when to recap speaker crossovers?


2010-06-14 8:31 pm
Assuming I have a set of speakers from the 70's that still sound good to my ears, is there some more objective test I can do to see whether the crossover still functions within specification? I assume I could feed a signal sweep to the speaker and digitize back in the feed off each speaker I mean to see if it seems to be rolling off at the expected rate, but I wasn't sure offhand how to do that digitization/probably no easier way to do this with a voltmeter reliably is there, or to do it without even opening up a cabinet which maybe wasn't designed to be user serviceable... (I have multi sets of 70's speakers actually i'd like to test, only some are made to open) Or maybe just a voltmeter test of the components indicating within a specified range even if I don't specifically measure the audio, i'm just curious how others do it. This is relevant to buying future old speakers too/if there's some way to test without opening up the speaker cabinet which makes many people uncomfortable, if I could just plug in signal gen and microphone on a laptop or something and look for something obviously out of whack like an unexpected peak at the crossover points which i'd assume would be a sign it's failing to... cross over.

I'm assuming the main thing that is likely to die with age is the capacitor, or I could even preemptively just replace those anyways just to be safe/extend it's life if i've opened it up anyways... or do resistors and inductors ever likely go out of whack?
Resistors & inductors do not typically show significant change. Capacitors are another matter -electrolytics dry out over time; as an ROT (and it's only an ROT) expect a useful service life of 10 - 20 years depending on specific construction & quality. So if the speakers date from the '70s, there is a reasonable chance they're past the best & the transfer functions have drifted somewhat. They would very likely be worth replacing. Depending on what the speakers are / who made them, the ESR of the caps may have been taken into account in the XO design, so be wary replacing with Mylar or polypropylene etc. types as this too may alter the transfer function away from what was intended. In such cases, replace like-with-like or the nearest practical / possible equivalent unless you want to redesign the filter.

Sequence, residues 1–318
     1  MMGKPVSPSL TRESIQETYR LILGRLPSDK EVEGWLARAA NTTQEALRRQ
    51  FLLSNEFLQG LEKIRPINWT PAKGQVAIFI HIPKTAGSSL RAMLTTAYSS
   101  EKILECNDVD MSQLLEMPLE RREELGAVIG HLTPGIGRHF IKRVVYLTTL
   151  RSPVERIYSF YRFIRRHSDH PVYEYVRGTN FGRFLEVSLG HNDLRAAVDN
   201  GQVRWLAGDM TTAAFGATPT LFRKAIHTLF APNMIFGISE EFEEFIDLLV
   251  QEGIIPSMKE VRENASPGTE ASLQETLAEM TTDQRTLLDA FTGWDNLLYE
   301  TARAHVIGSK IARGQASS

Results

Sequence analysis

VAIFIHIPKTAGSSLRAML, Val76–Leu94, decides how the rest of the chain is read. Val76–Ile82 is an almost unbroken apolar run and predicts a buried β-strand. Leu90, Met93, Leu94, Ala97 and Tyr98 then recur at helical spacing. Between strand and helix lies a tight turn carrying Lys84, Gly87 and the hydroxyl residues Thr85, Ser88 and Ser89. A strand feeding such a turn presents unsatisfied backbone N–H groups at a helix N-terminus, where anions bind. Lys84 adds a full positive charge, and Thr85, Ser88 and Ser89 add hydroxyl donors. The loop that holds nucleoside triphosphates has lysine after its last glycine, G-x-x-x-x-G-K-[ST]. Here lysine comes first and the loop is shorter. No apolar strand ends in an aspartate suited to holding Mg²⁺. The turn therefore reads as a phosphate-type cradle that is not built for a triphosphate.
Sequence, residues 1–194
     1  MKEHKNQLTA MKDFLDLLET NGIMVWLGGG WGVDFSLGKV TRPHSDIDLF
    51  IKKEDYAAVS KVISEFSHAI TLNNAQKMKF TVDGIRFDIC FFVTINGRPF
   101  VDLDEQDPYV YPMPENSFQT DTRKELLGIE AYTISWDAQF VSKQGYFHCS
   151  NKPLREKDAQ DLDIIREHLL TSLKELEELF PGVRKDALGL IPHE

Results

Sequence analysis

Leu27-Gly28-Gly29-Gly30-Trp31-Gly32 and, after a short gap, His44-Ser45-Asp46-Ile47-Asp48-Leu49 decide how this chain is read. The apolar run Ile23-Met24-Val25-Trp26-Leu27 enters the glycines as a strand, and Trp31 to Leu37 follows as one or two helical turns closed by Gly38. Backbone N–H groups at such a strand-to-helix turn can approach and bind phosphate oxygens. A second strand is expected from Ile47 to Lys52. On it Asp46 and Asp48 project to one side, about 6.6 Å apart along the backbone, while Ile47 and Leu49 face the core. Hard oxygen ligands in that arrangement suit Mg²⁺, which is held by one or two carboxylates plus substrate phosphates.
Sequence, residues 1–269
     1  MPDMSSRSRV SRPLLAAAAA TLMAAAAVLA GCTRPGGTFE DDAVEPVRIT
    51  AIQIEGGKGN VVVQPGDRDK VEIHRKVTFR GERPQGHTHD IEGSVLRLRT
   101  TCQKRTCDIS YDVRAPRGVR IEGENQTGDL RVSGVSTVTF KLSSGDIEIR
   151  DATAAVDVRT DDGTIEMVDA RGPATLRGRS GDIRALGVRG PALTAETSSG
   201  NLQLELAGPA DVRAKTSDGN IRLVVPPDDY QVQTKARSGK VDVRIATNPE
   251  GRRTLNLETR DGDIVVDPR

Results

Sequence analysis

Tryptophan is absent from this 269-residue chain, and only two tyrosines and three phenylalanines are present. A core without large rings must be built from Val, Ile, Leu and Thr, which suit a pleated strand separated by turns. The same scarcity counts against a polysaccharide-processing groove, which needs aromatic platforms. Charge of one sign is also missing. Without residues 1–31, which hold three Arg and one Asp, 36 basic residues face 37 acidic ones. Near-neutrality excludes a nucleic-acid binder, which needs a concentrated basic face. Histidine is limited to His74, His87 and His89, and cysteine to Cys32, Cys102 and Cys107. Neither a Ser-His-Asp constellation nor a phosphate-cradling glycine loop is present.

Re testing, you may be able to check; you'd need to pull the boards, measure the impedance load of the drivers, simulate the electrical transfer function of the components into the measured loads, then measure the filter behaviour & see how they compare. An interesting exercise, but I'd probably be inclined to re-cap it as a matter of course in any event given they're in their 4th decade now.
Last edited:


2003-02-11 9:02 am
Simply measure the capacitance. If it is within value (especially not short or open) then it should be okay. You can go overboard of course but I have never had the need to do so.

Axial (NP) capacitor from old British speakers are okay imo. I even prefer using them than my exotic/new ones (for amplifier input).

The chance for capacitor malfunction in a crossover is small. So the chance for the malfunction to happen to both channel is even smaller. So when the left and the right sound the same then stay cool. I once heard different sound from left and right and the troubleshooting led to a capacitor changing value (become less capacitive of course) in one channel.